Classical Music Improves Test Scores

Ever thought about how to improve SAT scores or trying to focus on studying? There have many numerous studies that show how that can be possible. Listening to classical music is an effective way to concentrate on homework because there are no lyrics. Music with lyrics is a distraction just as big as talking to other people. Classical music could play a big factor in keeping focus because it is all instrumental and they will lead to getting work done.

One of the first things to prove how classical music is effective is by studying the brain. There is a function in the brain called the temporal gyrus which predicts whether a person likes a piece of music but involves storing templates from songs heard before. Such as if someone is listening to rap music a lot, they would study better with rap rather than other types of music.

You might ask why classical music instead of anything else. According to Rowat, “Classical music’s clearly organized rhythm encourages clear thinking.” This would show that instrumental music can help others study more efficiently and distracting the brain from focusing on other things that aren’t relevant. While there are sophisticated harmonies playing, it can help the brain cope with complex problems and ideas. These could help all different ages with their studies if they are having trouble concentrating because it would stimulate the brain to focus. Listening to songs with lyrics affects the part of the brain that comprehends with language. Rock music has 60 beats per minute and can easily be distracting because of how fast the rhythm is. The brain might get tangled up with all the beats and eventually lose focus of the task. With the brain having the same function as listening to music, it would be a bigger distraction because the brain would be confused by two different types of things and would get off task quicker.

The Mozart Effect is one of the first things that played a factor in how classical music can help studies. Mozart Effect can help enhance memorization and short-term memory. There was an experiment done where they played a Mozart piece to college students and then took a spatial test afterwards. They ended up doing better when listening to Mozart than any other factors that were given to them. Even if the Mozart Effect is only for a short period of time, it can still help enhance the memory and will eventually be retained. Other musicians can have the same effect as Mozart such as Yiruma or Beethoven.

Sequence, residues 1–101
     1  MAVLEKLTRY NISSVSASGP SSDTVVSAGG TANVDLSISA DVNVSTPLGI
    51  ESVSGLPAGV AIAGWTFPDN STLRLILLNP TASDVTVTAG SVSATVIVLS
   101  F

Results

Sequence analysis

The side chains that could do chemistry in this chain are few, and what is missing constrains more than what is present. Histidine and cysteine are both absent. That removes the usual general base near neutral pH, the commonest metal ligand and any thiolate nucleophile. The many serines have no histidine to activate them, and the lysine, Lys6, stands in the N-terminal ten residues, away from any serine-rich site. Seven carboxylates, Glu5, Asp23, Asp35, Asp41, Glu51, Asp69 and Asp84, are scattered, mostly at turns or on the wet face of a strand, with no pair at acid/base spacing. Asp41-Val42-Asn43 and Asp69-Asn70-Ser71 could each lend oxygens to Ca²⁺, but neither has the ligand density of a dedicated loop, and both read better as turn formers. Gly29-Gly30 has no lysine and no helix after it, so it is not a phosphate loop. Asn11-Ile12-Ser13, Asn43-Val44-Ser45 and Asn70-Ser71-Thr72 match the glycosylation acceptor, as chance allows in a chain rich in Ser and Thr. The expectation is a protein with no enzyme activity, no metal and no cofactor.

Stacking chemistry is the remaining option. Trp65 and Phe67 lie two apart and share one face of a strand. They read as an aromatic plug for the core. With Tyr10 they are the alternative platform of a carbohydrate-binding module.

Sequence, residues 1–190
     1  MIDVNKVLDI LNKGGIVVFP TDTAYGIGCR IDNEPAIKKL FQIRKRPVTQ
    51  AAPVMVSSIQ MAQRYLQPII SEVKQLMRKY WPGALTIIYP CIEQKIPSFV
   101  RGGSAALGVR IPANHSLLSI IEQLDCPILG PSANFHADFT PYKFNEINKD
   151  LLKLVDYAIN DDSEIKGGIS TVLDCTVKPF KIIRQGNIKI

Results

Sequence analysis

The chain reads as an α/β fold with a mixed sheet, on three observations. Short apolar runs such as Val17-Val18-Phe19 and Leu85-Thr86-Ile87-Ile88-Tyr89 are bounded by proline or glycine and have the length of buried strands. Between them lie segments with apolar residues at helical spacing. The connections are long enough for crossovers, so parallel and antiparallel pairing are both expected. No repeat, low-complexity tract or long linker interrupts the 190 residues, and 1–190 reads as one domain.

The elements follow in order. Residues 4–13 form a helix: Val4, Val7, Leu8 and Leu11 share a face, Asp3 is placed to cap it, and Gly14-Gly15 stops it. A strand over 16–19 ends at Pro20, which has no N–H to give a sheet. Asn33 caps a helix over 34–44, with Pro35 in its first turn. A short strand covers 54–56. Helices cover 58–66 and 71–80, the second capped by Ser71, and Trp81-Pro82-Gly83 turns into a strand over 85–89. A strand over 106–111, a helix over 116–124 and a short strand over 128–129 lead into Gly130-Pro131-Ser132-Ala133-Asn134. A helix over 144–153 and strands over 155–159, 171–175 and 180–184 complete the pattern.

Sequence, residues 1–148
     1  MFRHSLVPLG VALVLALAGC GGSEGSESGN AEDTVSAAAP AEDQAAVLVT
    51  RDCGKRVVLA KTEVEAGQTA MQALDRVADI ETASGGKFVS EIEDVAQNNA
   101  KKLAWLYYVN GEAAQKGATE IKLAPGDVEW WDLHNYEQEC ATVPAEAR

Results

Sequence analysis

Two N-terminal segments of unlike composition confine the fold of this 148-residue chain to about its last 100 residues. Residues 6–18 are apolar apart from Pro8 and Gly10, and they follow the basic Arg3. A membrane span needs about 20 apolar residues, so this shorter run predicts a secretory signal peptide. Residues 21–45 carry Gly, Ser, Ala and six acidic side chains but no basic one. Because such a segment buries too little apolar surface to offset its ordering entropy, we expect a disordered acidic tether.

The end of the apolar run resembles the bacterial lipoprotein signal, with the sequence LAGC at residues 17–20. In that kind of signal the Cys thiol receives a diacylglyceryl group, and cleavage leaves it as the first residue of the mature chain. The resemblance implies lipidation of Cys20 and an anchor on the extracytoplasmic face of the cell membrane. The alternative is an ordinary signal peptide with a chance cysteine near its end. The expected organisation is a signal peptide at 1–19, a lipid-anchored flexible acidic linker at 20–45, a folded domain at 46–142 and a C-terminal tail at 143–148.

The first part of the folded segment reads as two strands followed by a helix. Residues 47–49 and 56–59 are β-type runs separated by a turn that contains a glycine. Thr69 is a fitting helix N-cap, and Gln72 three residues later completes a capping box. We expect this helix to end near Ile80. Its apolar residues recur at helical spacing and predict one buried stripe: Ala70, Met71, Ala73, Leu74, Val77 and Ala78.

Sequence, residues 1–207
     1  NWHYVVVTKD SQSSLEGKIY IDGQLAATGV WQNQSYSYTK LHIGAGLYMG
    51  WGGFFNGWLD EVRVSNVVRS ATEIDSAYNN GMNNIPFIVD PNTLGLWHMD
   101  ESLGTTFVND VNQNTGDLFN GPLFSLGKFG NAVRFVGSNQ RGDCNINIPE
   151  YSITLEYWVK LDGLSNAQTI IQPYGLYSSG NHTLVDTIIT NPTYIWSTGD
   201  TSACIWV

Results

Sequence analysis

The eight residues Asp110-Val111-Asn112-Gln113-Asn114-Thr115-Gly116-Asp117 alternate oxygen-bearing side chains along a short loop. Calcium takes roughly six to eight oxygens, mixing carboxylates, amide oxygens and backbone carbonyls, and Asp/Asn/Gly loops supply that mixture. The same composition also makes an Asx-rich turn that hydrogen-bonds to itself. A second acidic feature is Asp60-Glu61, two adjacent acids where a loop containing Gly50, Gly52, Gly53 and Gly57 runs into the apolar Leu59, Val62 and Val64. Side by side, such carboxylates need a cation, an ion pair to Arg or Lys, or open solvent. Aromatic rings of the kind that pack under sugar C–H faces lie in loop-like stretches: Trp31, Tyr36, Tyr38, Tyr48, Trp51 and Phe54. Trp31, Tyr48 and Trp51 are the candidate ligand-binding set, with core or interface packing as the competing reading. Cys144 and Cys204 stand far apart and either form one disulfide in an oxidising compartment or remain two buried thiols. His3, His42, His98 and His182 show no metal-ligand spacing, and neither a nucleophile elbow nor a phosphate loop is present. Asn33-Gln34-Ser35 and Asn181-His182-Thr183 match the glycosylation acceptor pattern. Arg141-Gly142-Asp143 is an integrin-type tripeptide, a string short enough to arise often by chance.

An experiment was how high school students can improve their SAT scores by listening to classical music. Also, kids who played a musical instrument when they were younger have better proficiency and composure while studying. The College Board’s Profile of College Bound Seniors tested kids who studied music and who didn’t and found a difference in test scores. There was a 40-60 point higher with people who learned music as kids. This shows a correlation between listening to music and academic results. A survey was done by Virgil Griffith which asked for student’s SAT score and what kind of music they listen to. The results showed that people who listened to rap scored the lowest and people who listened to classical music scored the highest.

There are people who don’t listen to music at all while studying because it distracts them. It could be because they can’t multitask or they get distracted while listening to songs with lyrics. They could keep rereading the passage or problems because of the music. Doing math homework with music on could get confusing because they would try to keep numbers in their head, but the lyrics would mess them up. If people try to listen to music while studying, they should try out classical music because it would be the best fit for them. It wouldn’t distract the brain as much and it could even help them keep focus.

The tests have shown how classical music can help improve test scores and help people study better. People should give classical music a chance even though it seems old-fashioned, there is no harm done trying to listen and study with classical music. As long as it helps them keep focus, that is the most important thing. It doesn’t even have to be Mozart; it could be any instrumental music. Make a playlist of classical music and play it once while studying and see if it actually helps. If it does, continue to listen to music and add more classical music onto the playlist!

Here is an overview of the topic and an interview with a friend.

This is an example of the Mozart Effect

Here is a piece of Mozart.

Arvinraj Applasamy. “Bang Goes the Theory: The Mozart’s Effect.” Online Video Clip. Youtube. Youtube. 9 Feb. 2012. Web. 2 Dec. 2013.

Mozart, Wolfgang. Symphony No. 40. Deutsche Grammophon, 1995. CD

Rowat, Robert. “Ace Your Exams with a Classical Music Playlist for Studying.”CBCMusic. CBC, 06 June 2013. Web. 1 Dec. 2013.

Spiegel, Alix. “‘Mozart Effect’ Was Just What We Wanted To Hear.” NPR. NPR, 28 June 2010. Web. 01 Dec. 2013.

Thomas Hughes. “Mozart Symphony #40 in G Minor, K 550 – 1. Molto Allegro.” Online Video Clip. Youtube. Youtube. 11 Aug. 2008. Web. 3 Dec. 2013.


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